Ideally I would have worked another 3 years, but once I got the idea in my head I could stop work I couldn't shake it off. And in the end I thought sod it, life's too short, do it now.
    Some people only exist as examples of what to avoid...
    .


    Finito

    Brazil and Serbia
    • missile
    • By missile 6th Jan 18, 5:07 PM
    • 9,477 Posts
    • 4,713 Thanks
    missile
    I'd be really grateful if anyone who has been in this position could give some insight on how you dealt with these issues.
    Originally posted by rosy
    Hi Rosy,
    I made an XL spread sheet with my projected income / projected expenditure / cash reserve year on year to estimate how long my savings & investments would last. I can send you a copy if this would be of interest?
    To keep it simple, I have ignored the affect inflation may have on my plan. I hope the profit from investment would balance inflation.
    "A nation's greatness is measured by how it treats its weakest members." ~ Mahatma Gandhi
    Ride hard or stay home
    • fatbeetle
    • By fatbeetle 8th Jan 18, 4:55 AM
    • 399 Posts
    • 738 Thanks
    fatbeetle
    I know we could hang on in there and go at 60 but I am conscious we will never get this time back again, on paper we can comfortably afford it and I don't want to lose this opportunity because I'm being unnecessarily and unreasonably risk averse! We've been going round in circles tbh. I'd be really grateful if anyone who has been in this position could give some insight on how you dealt with these issues.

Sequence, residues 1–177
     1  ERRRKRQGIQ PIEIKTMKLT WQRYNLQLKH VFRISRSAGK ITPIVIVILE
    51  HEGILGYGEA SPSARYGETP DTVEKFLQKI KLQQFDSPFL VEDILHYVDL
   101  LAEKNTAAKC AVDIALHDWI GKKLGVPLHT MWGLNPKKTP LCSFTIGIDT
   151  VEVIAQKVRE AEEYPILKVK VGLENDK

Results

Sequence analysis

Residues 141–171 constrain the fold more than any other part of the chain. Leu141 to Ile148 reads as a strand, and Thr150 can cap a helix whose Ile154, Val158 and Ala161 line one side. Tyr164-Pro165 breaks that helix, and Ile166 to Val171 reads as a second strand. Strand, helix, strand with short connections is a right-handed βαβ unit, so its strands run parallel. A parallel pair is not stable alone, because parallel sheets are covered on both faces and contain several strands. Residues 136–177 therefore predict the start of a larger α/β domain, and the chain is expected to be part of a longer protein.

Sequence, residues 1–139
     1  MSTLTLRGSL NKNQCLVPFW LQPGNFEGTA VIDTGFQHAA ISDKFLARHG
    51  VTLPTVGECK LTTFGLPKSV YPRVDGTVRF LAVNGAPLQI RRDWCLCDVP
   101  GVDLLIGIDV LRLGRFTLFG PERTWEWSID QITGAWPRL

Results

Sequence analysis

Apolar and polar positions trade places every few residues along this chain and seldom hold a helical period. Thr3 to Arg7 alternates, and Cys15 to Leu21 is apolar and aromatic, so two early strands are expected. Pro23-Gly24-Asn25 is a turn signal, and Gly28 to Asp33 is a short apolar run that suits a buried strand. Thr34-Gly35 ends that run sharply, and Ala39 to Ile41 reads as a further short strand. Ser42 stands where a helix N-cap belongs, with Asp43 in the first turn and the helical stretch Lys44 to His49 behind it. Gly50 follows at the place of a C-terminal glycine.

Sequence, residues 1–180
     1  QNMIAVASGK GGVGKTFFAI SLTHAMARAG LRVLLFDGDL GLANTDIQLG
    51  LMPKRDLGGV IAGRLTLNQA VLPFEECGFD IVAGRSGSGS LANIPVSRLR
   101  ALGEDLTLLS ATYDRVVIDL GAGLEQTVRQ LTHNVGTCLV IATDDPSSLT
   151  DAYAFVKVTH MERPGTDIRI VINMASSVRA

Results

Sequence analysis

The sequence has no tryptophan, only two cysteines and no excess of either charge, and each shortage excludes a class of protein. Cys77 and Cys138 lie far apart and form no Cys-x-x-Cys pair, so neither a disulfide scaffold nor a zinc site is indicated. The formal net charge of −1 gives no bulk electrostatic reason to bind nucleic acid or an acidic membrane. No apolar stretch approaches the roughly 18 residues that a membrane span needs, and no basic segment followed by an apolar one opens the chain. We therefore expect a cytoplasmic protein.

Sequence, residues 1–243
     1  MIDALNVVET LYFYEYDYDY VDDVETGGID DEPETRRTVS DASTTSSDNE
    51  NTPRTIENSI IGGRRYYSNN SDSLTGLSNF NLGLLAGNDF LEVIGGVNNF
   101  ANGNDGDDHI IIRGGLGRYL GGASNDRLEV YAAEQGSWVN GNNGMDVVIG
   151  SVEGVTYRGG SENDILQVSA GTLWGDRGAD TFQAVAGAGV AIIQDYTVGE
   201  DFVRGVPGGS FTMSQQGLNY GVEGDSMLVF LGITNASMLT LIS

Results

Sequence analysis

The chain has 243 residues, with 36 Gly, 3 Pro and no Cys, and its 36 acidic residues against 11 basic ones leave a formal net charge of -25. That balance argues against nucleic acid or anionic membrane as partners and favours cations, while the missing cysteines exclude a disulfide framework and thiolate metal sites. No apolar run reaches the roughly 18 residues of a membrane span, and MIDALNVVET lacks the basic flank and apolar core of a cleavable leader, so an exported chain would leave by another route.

Originally posted by rosy
    We've just taken retirement at 59 and 54 and will be living on savings until 2022. To be honest it's the best thing we've done, we're loving the time together.

    We have the extra worry of holding our savings in Australia, and moving from Aus to the UK to factor in, but to be honest, we're more than happy to take on the challenges if it gives us this freedom and time.
    “If you trust in yourself, and believe in your dreams, and follow your star. . . you'll still get beaten by people who spent their time working hard and learning things and who weren't so lazy.”
    • dunroving
    • By dunroving 8th Jan 18, 12:54 PM
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    dunroving
    We've just taken retirement at 59 and 54 and will be living on savings until 2022. To be honest it's the best thing we've done, we're loving the time together.

    We have the extra worry of holding our savings in Australia, and moving from Aus to the UK to factor in, but to be honest, we're more than happy to take on the challenges if it gives us this freedom and time.